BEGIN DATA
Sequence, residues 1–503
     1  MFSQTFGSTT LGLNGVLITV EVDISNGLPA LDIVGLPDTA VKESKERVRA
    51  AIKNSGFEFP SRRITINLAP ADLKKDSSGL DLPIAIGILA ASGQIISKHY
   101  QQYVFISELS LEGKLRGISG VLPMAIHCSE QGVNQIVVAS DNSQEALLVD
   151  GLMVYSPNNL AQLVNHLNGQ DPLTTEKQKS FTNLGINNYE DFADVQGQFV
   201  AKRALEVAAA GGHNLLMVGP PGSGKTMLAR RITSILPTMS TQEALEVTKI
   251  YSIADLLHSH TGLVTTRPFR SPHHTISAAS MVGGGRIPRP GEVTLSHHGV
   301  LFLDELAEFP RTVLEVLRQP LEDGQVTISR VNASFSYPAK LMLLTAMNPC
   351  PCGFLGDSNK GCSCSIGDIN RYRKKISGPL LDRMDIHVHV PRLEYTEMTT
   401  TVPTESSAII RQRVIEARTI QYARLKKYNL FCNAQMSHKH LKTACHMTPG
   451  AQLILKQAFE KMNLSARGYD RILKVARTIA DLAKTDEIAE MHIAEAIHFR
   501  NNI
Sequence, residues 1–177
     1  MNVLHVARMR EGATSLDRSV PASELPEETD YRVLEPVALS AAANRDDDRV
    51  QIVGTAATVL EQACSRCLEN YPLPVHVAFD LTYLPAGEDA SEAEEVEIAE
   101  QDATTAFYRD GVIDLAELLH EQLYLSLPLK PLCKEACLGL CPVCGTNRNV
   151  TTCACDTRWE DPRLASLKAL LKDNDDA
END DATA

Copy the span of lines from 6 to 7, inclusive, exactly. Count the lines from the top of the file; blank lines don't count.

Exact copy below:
   201  AKRALEVAAA GGHNLLMVGP PGSGKTMLAR RITSILPTMS TQEALEVTKI
   251  YSIADLLHSH TGLVTTRPFR SPHHTISAAS MVGGGRIPRP GEVTLSHHGV